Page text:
An appropriate offering to Lugh would be any work of skill such as art, music or poetry.

Related reading:
Our Grove’s Deities: http://www.shininglakes.bravehost.com/deities/

Yes, ADF Has Some Offline Activities As Well

It’s been five months now since I started writing this blog, and I’m not sure what to make of things so far. I’m happy with the quality of most of the articles I’ve written so far, and satisfied with how few times I’ve needed to run an old article of mine from another source instead of coming up with something new. This pilgrimage into a new region of the Internet seems to be progressing smoothly, and yet the blog gets almost no comments. Then again, I don’t read many blogs so I don’t know how many comments I should really be expecting.

I’ve been thinking about online paganism a lot this past week, because of one blog entry I read from someone who’s considering leaving ADF because she thinks the people on the mailing lists are too mean, and also from one ADF mailing list where people were being mean to each other. The Fates have given us a greater tool to help us build Our Own Druidry than any of the Ancients could have imagined, but apparently we haven’t yet learned the skills to use it properly.

My advice is, was, and will for the foreseeable future be: ADF is not the mailing lists. Or, the lists are not ADF, if that sounds better. ADF is about doing research and learning the ways of the ancients and performing rituals and honoring the gods and getting together with others to share in these joys and experiences. Yes, our e-mail lists can be used for the “sharing” part, but you need to be doing the other stuff in order to share it, right? If the lists are the only part of ADF that you’re experiencing, or even if you consider them the most important part, then as the LoLcats say, “ur doing it rong”. And if you’re getting something meaningful out of our rituals and/or our study program, but if the mailing lists aren’t helping you, then sign off of the lists. No, really, I did just say that. Being on an ADF e-mail list just isn’t important enough for you to endure suffering. (Unless you’re an officer within the organization, in which case, you knew the risks when you signed up for that job. >8)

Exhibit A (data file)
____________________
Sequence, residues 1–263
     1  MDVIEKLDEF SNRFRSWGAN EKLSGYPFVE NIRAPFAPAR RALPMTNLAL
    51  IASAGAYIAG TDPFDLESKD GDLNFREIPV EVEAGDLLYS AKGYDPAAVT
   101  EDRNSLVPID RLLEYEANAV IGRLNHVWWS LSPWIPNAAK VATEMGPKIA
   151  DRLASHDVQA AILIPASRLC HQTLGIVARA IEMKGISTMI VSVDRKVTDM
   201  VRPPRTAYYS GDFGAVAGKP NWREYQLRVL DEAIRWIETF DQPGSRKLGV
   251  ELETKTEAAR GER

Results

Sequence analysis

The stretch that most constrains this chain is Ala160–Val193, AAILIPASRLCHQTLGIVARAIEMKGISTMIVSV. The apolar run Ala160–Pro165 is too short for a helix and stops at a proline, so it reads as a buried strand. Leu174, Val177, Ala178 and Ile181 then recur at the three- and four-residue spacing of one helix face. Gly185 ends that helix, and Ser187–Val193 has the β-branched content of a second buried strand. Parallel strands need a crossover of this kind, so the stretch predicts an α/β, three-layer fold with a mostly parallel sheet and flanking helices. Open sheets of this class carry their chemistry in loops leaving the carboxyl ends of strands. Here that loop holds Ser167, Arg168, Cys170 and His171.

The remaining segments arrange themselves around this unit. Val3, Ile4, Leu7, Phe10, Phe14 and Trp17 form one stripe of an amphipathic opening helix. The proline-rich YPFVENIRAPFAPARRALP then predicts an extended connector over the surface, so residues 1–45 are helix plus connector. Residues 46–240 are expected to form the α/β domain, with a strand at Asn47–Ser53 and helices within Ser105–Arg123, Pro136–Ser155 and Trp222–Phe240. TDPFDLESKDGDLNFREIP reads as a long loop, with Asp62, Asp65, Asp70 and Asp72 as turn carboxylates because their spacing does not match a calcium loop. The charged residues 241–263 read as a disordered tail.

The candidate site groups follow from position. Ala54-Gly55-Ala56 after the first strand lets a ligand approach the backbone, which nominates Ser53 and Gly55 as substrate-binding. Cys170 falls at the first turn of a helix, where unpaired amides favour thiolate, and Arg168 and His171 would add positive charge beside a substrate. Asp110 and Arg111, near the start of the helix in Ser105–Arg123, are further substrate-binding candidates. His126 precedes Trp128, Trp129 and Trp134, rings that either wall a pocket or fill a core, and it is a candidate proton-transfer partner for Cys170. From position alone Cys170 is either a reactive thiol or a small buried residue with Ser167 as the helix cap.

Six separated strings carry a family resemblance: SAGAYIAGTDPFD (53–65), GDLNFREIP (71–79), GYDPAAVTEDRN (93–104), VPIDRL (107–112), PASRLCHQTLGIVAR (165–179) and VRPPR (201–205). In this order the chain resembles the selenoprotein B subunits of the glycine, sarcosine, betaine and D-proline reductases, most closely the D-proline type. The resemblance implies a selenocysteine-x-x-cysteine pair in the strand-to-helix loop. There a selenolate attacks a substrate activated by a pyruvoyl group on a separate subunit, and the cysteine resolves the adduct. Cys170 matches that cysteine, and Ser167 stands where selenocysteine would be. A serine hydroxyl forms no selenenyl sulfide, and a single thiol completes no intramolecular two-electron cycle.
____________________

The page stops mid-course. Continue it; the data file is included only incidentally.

I would add – and this is useful for people who aren’t in ADF and will never be on our mailing lists, as I think it applies to just about all computer-mediated communication – Disagreement does not constitute a personal attack. When we communicate with other human beings, the experience consists of lots of different aspects – tone of voice, facial expression, body language – that don’t come through when we use a text-only medium. And it seems to be human nature to fill in those gaps as best we can, only we don’t seem to be very good at it yet. If someone posts an unconfirmed personal gnosis like, to take a real example I was once told, “Bríd told me that she likes bees and wants a beehive-shaped candle on her altar”, and I respond, “I’m not aware of any documented research that Bríd was into bees”, then that’s what I mean. I’m not aware of any documentation. Not “you’re an idiot” or “you’re worshipping Bríd wrong and she must hate you for it” (and that’s a divine can of worms that I’d never open in any case) or “you don’t belong in ADF”, no. Just that I’ve never seen or heard of that view before. (And it’s not like I’ve read every book on paleopagan practices ever written, for all I know there really is an ideas that the ancients thought the same thing!)

Remember my earlier article about the Grand Experiment That Is ADF? Keep in mind, part of that experiment is comparing notes and seeing where our experiences and opinions match, and where they don’t. Nobody said we were always going to come up with the same answers, and it would be boring if we did. (I’d mention the parable about the blind men describing an elephant, but I kinda hate that one, to be honest.)

And yes, for you solitary-types out there, I know it’s harder for you to have those non-online experiences when you’re working alone, and you rely more on e-mail for your ADF experience. Being a solitary is a lot harder than being in a Grove, I know, and I won’t tell you otherwise. But if you’re already willing to put in the extra effort to do your own rituals and prod yourself in your studies [1], I hope you’re also willing to put in the teeny bit of extra effort to understand the nature of e-mail and not take offense when none is intended.